What are fair dice?
If you like games, you’ve probably played games with dice, and you’ve probably thought about fair and unfair dice.
You might have seen “trick dice” advertised in the back of a comic book, for instance, or you might have flipped a string of heads on a coin and thought your way into the Gambler’s Fallacy or an instinctive Bayesian sense that the coin is biased towards heads.
If you have studied statistics, you’ve encountered more mathematical ways to treat these human observational instincts, and in particular you would have a sense that you need a large number of trials to assess the fairness of a die, and that you can’t draw conclusions from an individual run of numbers or lack of numbers showing up on a die.
Still, the concept of fairness is surprisingly complicated to pin down, even given all the tools that statistics has to offer. There are several key points that I’d like to set down in relation to this project, to clarify terms and goals, and also to muse on the more enjoyable and thorny issues involved.
Let’s start with a quick description of what we mean by an ideal game-playing die (yes, it’s one ‘die’, many ‘dice’).
When you roll a die, ideally you are randomly selecting one of the faces of the die. ‘Random’ here means you cannot predict which face will come up next. Each roll is also independent of the previous roll - that is, the odds of getting a particular face shouldn’t depend on what you’ve rolled in the past. And the probability distribution of the faces should be equal, or even - the probability of getting any face should be 1/6, or more generally 1/f, where f is the number of faces on the die (you may be used to dice being in the shape of cubes, but lots of other types are used).
Those traits mean that, if you roll a fair die a lot of times, count how many times each face comes up, and graph it (this is called a histogram), your graph should look flat, like this:
The key phrase there is “a lot of times.” It hides a lot of complexity. If you roll a perfectly fair die for only a little while, say 20 rolls, you might get results like this:
which doesn’t look flat at all. This is a familiar concept to anyone who has played games with dice and lost: randomness allows for lucky and unlucky streaks, even with a fair die.
So, if you want to find out whether a die is fair, you need to roll it enough times to get rid of that pesky variation and take comfort in the large numbers that will make everything come out ideally. Right? But how many times is that?
Turning the question around
It turns out that this is not the question you actually want to ask. Really, what you want to ask is this:
What’s a sufficiently big number of rolls to do a pretty good job of rejecting a die that is not fair, and how do I decide on that rejection?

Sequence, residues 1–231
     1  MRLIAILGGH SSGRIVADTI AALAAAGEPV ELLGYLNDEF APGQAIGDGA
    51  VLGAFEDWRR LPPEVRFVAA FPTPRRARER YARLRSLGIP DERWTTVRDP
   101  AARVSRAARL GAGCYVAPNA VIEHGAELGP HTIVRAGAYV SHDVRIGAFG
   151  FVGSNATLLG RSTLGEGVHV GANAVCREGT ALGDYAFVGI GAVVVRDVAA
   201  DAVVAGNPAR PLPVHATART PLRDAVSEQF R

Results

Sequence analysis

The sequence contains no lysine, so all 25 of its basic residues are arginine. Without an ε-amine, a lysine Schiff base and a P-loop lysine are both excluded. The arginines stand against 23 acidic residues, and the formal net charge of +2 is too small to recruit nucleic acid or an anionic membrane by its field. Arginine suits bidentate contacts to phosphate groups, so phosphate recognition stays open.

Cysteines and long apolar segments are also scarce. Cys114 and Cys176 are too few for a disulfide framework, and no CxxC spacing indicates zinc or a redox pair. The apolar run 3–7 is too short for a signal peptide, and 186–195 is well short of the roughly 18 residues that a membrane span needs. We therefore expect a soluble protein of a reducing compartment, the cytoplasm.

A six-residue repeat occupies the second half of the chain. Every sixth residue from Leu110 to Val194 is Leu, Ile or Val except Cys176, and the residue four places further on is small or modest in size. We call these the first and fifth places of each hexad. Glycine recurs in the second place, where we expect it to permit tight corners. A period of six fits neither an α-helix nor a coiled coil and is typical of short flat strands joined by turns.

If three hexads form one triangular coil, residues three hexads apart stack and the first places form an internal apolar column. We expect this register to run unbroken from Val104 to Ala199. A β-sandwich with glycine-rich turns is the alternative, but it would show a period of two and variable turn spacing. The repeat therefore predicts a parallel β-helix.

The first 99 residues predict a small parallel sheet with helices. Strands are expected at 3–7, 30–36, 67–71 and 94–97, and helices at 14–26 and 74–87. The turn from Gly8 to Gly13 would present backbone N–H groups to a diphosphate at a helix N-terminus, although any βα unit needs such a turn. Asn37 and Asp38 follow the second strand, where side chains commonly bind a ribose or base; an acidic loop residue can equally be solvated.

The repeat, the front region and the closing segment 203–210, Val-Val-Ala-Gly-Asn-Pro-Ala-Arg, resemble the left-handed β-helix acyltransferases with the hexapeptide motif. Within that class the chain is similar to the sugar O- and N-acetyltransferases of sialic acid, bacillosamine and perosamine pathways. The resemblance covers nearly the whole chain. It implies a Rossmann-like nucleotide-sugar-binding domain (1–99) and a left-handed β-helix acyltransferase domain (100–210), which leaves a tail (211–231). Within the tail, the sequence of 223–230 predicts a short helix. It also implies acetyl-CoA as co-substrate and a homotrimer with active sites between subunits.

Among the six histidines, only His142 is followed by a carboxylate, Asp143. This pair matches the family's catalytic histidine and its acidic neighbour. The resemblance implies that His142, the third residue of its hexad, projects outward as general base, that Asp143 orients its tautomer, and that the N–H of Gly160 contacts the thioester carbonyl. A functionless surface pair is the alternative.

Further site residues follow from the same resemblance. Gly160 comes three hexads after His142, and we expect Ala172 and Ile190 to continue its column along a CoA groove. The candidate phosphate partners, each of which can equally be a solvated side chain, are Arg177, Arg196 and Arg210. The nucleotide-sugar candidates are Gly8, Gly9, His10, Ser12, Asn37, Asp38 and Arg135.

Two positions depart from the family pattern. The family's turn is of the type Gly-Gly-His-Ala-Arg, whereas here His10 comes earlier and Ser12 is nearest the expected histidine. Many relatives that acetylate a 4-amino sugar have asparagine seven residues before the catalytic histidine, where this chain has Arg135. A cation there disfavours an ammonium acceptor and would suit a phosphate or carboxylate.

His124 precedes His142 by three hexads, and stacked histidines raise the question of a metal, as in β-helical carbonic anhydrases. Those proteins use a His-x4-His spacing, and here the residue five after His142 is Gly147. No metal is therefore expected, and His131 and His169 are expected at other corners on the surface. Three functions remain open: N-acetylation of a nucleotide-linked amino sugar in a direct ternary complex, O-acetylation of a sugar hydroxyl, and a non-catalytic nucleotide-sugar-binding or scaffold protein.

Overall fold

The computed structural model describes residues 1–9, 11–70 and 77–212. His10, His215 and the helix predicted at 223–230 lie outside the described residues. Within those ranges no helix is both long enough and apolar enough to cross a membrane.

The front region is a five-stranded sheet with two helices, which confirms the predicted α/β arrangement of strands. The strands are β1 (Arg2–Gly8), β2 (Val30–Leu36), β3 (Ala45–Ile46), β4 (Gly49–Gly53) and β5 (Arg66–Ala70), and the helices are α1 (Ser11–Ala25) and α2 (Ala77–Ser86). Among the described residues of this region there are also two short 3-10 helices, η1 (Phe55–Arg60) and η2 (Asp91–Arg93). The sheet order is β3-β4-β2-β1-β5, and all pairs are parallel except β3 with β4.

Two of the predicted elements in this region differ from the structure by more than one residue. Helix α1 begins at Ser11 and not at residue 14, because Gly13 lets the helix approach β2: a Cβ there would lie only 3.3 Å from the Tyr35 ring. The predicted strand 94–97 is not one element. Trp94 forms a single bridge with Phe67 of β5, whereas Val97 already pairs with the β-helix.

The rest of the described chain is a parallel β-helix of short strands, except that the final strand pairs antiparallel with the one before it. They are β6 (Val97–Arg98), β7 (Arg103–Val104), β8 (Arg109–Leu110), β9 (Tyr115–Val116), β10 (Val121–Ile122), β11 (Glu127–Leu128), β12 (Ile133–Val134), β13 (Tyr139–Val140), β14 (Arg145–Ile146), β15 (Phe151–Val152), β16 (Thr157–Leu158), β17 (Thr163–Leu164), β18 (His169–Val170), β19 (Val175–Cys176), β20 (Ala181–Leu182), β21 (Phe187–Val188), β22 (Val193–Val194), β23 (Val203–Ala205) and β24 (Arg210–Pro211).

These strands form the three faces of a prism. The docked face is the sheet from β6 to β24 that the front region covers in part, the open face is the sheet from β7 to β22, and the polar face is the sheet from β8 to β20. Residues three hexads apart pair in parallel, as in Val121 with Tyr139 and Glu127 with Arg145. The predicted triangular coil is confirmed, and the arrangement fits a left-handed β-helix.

That’s a more answerable question, and its parts turn out to be related.
The first piece of the answer relates to confidence intervals. You might have noticed the blue bars on the previous histogram. These are the “95% confidence intervals” for those bars; they mark the range that the bars will fall into for a fair die, 95% of the time. In other words, you would usually expect the confidence intervals to include the “ideal line” for a fair die
Note that the confidence intervals are really wide on that graph; one reason is that there are so few rolls (only 20). The more rolls you have, the tighter the confidence intervals. Here’s that graph for 6,000 rolls of the same die:
These confidence intervals are much tighter. And, they all include the “ideal” line, which is at 1,000 rolls (1/6 of 6,000).
If you increase the number of rolls beyond 6,000, the confidence intervals will continue to get smaller, and the histogram bars will generally tend to get closer to the ideal line for a fair die. But the confidence intervals don’t shrink all that fast… and even with a machine to roll the die, it takes time.
Even with a really enormous number of rolls, though, you still have to deal with the dark side of confidence intervals.
How to look at bars falling outside the confidence intervals
The great thing about a 95% confidence interval is that it gives you a benchmark: if a histogram bar is outside the confidence interval, it’s “bad.” Inside, it’s “good.” (Actually, on these graphs, you look at whether the confidence interval for a given bar includes the “ideal” line.) But then what?
A die is not unfair just because it has a bar outside the 95% confidence interval. Why not? Because the other side of saying “95% of the histogram bars for a fair die are within the confidence interval” is that “even for a fair die, 5% of the histogram bars will be outside the confidence interval.”
So if you decided on the rule: “Reject as unfair any die that has a histogram bar outside the 95% confidence interval after 6,000 rolls,” you would now have a clear procedure for testing dice - which is good - and it would produce a clear result - which is also good. But, you’d reject a fair die about one time in 20.
We can improve on this, though. Read on for the chi-squared test…